BRIEF DESCRIPTION OF THE DRAWINGS

FIG. 1 is a diagram for the HCl purification process integrated into a semiconductor manufacturing operation;

FIG. 2 is a phase diagram for anhydrous HCl for the thermodynamics of cooling via expansion for ESG HCl high volume purification;

FIG. 3A is a large volume on-site purification system;

FIG. 3B is a on-line point of use purifier integrated with a semiconductor operation requiring gaseous HCl; and

FIG. 3C is a small volume trans-filling purification system for a wet station.

DESCRIPTION OF THE SPECIFIC EMBODIMENT

FIG. 1 is a schematic diagram for the purification process integrated into a semiconductor manufacturing operation 10. This diagram shows, for example, the purification of compressed HCl in combination with a generic semiconductor manufacturing operation. The HCl may be a compressed gas, a compressed liquid, or a combination of compressed gas and compressed liquid. This manufacturing operation may be, for example, a dry chemical process such as plasma etching, reactive ion etching, or the like, or a wet chemical process such as wet etching, acid dipping, plating, and the like. The ESG HCl comprising impurities originates from cylinder 12 and flows through transportation line 15 to an orifice (or expansion means) 17 within the condenser 19. The liquified gas drops to the bottom 21 of the condenser and the purified HCl vapor with a lower concentration of impurities is drawn from the gas phase through a collector 22. The purified HCl flows through the down stream line 23 to the semiconductor operation 24 for use. In the HCl system, the HCl is purified predominately by expanding the fluid at a partially condensed state within the condenser.

The purification process occurs by controlling variables affecting the thermodynamics of the system. In the purification process of FIG. 1, for example, the thermodynamics are consummated by the compressed HCl expanding through the orifice located in the condenser. The expansion process is a function of extrinsic variables such as pressure, temperature, orifice diameter, condenser design, and the like, as well as intrinsic fluid characteristics.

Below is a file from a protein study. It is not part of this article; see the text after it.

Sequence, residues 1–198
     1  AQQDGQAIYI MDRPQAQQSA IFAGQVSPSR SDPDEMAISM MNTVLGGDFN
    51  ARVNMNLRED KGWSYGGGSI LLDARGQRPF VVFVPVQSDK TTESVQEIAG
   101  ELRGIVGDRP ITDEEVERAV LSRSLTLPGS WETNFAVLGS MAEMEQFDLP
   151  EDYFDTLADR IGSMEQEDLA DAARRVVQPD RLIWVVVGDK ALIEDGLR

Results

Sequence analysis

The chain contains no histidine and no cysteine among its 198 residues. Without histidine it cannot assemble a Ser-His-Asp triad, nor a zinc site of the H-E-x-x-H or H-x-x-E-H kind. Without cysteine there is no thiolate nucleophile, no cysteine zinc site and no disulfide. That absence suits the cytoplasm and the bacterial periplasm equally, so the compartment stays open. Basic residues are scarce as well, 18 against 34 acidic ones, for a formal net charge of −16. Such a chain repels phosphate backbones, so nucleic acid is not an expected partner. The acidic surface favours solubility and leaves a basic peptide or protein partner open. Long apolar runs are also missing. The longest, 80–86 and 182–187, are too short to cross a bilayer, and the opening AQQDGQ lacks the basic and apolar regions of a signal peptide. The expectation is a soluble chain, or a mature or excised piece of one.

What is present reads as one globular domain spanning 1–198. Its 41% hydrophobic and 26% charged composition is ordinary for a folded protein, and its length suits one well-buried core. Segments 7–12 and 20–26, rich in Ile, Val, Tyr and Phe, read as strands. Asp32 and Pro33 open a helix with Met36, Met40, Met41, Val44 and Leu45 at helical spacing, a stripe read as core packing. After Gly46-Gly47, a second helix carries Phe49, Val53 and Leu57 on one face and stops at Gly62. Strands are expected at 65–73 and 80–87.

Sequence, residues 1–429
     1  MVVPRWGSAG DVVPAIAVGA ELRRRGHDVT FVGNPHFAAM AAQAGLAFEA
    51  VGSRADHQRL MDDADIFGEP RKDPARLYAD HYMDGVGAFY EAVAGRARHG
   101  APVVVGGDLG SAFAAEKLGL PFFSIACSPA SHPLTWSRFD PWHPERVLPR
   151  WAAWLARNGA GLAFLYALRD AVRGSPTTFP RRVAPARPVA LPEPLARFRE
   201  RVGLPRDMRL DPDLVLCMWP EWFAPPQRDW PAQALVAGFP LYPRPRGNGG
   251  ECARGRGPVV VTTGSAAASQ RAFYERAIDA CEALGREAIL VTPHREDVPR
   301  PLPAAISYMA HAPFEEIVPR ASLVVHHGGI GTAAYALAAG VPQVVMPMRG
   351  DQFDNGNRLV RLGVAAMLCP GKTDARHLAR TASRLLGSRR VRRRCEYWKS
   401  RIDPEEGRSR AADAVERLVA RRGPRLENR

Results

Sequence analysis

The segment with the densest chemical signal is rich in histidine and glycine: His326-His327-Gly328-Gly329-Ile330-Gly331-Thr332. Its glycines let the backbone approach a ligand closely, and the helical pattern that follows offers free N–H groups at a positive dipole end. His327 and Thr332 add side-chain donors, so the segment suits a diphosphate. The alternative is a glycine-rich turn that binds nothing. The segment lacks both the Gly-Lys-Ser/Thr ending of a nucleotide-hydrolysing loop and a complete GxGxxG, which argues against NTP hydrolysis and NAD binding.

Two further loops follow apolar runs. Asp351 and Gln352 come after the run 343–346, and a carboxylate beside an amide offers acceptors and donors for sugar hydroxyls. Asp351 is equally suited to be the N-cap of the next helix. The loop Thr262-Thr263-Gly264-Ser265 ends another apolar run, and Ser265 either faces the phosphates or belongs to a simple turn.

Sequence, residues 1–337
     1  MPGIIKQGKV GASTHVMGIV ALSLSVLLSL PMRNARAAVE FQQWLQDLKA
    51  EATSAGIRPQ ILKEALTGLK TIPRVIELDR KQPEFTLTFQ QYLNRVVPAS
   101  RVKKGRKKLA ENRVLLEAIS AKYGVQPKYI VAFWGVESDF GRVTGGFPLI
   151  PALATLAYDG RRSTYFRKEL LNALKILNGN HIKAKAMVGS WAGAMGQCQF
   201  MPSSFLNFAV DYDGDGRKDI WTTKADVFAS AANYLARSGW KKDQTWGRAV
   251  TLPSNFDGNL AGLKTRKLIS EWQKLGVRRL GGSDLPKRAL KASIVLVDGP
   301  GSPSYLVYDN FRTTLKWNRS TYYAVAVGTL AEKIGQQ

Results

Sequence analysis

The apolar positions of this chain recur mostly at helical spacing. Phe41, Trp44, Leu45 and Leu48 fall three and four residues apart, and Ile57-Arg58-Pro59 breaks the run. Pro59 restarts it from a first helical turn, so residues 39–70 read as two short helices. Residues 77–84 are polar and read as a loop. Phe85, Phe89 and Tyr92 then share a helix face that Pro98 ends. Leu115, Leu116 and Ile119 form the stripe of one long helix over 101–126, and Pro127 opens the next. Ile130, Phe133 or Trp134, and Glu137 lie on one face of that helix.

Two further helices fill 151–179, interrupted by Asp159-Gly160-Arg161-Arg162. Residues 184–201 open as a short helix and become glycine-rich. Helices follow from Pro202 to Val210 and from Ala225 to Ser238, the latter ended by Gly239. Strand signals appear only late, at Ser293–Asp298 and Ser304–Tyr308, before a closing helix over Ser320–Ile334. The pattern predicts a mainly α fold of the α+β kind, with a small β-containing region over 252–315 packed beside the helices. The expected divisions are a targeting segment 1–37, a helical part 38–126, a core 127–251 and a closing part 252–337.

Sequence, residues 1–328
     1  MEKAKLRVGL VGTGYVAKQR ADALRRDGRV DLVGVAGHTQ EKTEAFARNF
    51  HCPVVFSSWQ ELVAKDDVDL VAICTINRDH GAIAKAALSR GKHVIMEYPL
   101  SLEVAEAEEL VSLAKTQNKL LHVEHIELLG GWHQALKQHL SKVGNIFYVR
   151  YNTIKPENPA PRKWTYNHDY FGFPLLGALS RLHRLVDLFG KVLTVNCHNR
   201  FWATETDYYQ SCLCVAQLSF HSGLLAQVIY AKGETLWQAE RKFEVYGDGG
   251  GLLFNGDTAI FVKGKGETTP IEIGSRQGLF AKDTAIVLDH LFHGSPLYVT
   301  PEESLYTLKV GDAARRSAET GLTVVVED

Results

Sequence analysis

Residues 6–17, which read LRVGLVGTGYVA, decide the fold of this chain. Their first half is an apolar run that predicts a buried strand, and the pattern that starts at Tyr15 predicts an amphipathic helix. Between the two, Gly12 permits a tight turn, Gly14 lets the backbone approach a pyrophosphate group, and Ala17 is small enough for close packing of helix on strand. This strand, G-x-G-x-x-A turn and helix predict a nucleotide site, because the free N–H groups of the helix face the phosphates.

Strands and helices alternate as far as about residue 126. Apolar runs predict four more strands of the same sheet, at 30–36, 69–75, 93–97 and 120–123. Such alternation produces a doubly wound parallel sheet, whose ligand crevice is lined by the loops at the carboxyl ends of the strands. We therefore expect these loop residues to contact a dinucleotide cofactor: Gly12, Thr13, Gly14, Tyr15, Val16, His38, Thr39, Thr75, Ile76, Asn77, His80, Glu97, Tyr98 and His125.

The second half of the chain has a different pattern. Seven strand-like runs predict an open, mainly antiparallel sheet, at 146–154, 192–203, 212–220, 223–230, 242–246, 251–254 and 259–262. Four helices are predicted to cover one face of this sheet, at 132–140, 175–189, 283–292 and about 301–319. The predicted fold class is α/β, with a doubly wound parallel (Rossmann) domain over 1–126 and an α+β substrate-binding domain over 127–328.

The required pressure and temperature for the compressed HCl originates from, for example, the compressed HCl contained in the cylinder or the like. To create the required pressure and temperature, an auxiliary pressure enhancing device 25 such as a pump, compressor, or the like may be attached into the system. For the HCl system, the pressure ranges between about 100 bar and about 10 bar. The pressure has a corresponding temperature between about 500K and about 200K. Preferably, compressed HCl has a pressure of about 47 bar and a temperature of about 300K.

The resulting flow rate and down stream temperature for the withdrawn gas are predominantly dependent upon the intrinsic characteristics of the fluid and orifice diameter. For the HCl purification process, for example, the down stream line temperature of the withdrawn vapor is inversely proportional to the size of the orifice diameter. A larger diameter produces a lower down stream temperature typically more rapidly. However, the flow rate is a proportional to the orifice diameter. A larger orifice produces a higher flow rate. At steady state operation, the orifice diameter controls the resulting flow rate and down stream temperature of the ultra-purified gas.

To produce the desired down stream flow rate during purification, the size of the orifice diameter is adjusted. For the HCl process, a typical semiconductor manufacturing operation employs an orifice diameter between about 10 μm and 100 μm. These orifice diameter sizes produce a corresponding liquid flow rate between about 0.1 liters/min. and about 5.0 liters/min, respectively. Preferably, the HCl process uses an orifice diameter between about 20 μm and about 90 μm with a corresponding liquid flow rate between about 0.2 liters/min. and about 3.0 liters/min, respectively. The orifice is coupled to the transportation line having a diameter between about 4.0 cm. and about 0.1 cm. Preferably, the HCl system uses a transportation line having diameter of about 0.6 cm. Depending upon the nature of the fluid purified, the size of the orifice diameter and transportation line are adjusted to produce the desired flow rate and down stream temperature for purification.